Overnight – Markets Hold Ahead of Tonight’s Important Trade Meeting in Japan: Stocks in Asia closed lower Friday but sentiment was more stable elsewhere ahead of Saturday’s trade meeting between Presidents Trump and Xi at the G20 meeting in Japan. Shares in China slipped 0.2%, but the Stoxx Europe 600 had added 0.3% midway through its trading session and U.S. futures ticked higher. The two presidents will meet just before lunch on Saturday in Osaka (9:30 p.m. U.S. CT on Friday), with investors hoping the talks will place trade negotiations back on track. Tensions escalated unexpectedly in May as the two sides announced additional tariffs on imported goods, leading central banks around the world to shift toward signaling policy accommodation in response to increased fears the tensions to lead to a global slowdown. Yields across Europe and in the U.S. both rose Friday in response to stocks firming, but have since moved back close to unchanged ahead of this morning’s U.S. inflation data. A report overnight showed core inflation in the Eurozone rose 0.1% more than expected to a 1.1% YoY rate, holding well below the ECB’s “below, but close to, 2%” target.
Pending Home Sales Pick Up in Line with Expectations, Another Fed Survey Falls Short: In the second round of economic reports Thursday, pending homes sales improved roughly in line with expectations while another regional Fed manufacturing came up short. Pending home sales recovered 1.1% in May, 0.1% more than expected, and resumed the generally positive uptrend that has played out so far in 2019. Sales slipped 1.8% in the West, were essentially flat across the South, but rose more than 3% in both the Midwest and Northeast. The report points to continued stability in sales of existing homes in the months ahead amid lower mortgage rates. After the report was released, the NAR’s top economist said, “Rates of 4% and, in some cases even lower, create extremely attractive conditions for consumers.” Separately, the Kansas City Fed’s manufacturing index became the fifth Fed survey to confirm that uncertainty is negatively affecting U.S. production. The headline index fell more than expected in June to match its lowest level since August 2016. The current assessment index collapsed from 23 to 4 on broadly weaker underlying details, while expectations for six months from now were more stable near a three-year low.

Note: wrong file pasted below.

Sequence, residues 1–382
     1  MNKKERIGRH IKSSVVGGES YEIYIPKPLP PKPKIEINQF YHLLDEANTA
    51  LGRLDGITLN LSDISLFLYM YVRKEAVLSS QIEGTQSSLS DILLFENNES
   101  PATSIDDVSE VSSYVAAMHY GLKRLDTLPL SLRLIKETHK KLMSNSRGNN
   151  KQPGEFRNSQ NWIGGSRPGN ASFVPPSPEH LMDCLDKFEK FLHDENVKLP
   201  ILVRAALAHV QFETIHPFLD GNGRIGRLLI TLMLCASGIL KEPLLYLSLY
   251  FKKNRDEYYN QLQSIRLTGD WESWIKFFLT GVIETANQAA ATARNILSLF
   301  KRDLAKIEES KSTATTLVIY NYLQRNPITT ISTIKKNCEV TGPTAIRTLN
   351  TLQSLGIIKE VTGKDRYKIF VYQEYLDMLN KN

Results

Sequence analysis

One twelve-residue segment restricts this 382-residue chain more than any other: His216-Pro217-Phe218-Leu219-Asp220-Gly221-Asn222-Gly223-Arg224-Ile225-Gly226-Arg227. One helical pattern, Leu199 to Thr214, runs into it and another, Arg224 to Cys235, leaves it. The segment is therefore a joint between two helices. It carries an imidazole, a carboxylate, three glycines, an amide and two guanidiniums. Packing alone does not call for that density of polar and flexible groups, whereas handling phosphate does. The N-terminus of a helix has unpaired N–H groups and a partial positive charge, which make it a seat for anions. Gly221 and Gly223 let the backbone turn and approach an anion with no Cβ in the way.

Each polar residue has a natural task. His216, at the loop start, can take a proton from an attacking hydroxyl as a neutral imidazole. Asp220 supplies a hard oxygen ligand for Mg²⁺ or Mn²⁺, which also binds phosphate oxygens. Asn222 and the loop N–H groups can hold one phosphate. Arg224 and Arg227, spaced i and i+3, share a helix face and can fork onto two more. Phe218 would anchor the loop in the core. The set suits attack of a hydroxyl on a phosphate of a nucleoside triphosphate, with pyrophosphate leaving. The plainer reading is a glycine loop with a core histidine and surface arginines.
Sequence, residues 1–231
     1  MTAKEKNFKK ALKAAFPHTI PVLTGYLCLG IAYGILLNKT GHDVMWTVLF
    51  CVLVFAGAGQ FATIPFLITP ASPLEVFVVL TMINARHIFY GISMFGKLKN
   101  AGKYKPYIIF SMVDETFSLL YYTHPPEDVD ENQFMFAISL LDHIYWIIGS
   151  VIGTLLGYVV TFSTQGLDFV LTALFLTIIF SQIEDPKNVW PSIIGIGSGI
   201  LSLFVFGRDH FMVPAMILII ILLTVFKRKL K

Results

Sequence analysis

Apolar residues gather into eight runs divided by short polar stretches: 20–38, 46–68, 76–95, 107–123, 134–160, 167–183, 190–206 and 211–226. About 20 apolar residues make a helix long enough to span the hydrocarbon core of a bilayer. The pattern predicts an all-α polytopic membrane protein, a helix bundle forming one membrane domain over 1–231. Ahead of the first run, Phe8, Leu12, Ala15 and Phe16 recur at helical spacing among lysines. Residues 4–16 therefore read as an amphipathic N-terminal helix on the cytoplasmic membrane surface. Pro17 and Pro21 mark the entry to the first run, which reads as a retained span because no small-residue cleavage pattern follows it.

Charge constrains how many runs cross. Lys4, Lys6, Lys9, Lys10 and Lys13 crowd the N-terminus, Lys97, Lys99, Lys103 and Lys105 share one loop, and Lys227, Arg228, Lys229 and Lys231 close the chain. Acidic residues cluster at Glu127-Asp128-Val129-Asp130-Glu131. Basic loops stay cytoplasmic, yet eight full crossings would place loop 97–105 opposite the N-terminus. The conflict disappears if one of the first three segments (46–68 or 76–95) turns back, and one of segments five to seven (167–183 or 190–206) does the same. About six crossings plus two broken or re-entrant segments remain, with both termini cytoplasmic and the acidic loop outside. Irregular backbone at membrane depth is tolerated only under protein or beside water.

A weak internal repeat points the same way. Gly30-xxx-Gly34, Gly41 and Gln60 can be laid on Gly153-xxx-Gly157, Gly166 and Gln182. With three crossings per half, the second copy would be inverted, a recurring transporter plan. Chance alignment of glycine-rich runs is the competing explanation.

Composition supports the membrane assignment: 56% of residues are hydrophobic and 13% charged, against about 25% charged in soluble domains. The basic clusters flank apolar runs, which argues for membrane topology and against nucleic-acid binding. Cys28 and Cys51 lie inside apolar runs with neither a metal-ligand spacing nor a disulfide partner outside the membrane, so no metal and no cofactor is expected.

Fed’s Daly Delays Her Rate Opinion Until More Data Comes In: After remarking Wednesday that the purpose of a “rate cut, should it be required, would be stimulating the economy to get it back up to what we think of as potential growth,” San Francisco Fed President Daly said in a Thursday Bloomberg interview that it is still too soon to make that decision. “It is too early, from my perspective, to know whether we should [cut rates] at all and what magnitude of the tool we should apply,” Daly said. Inflation has been weaker and the last jobs report was soft, Daly acknowledged, but she wants to wait and see if those disappointments are transitory or the start of a more meaningful slowdown. She echoed that the day before saying, “We just had six weeks of things that could actually dissipate.”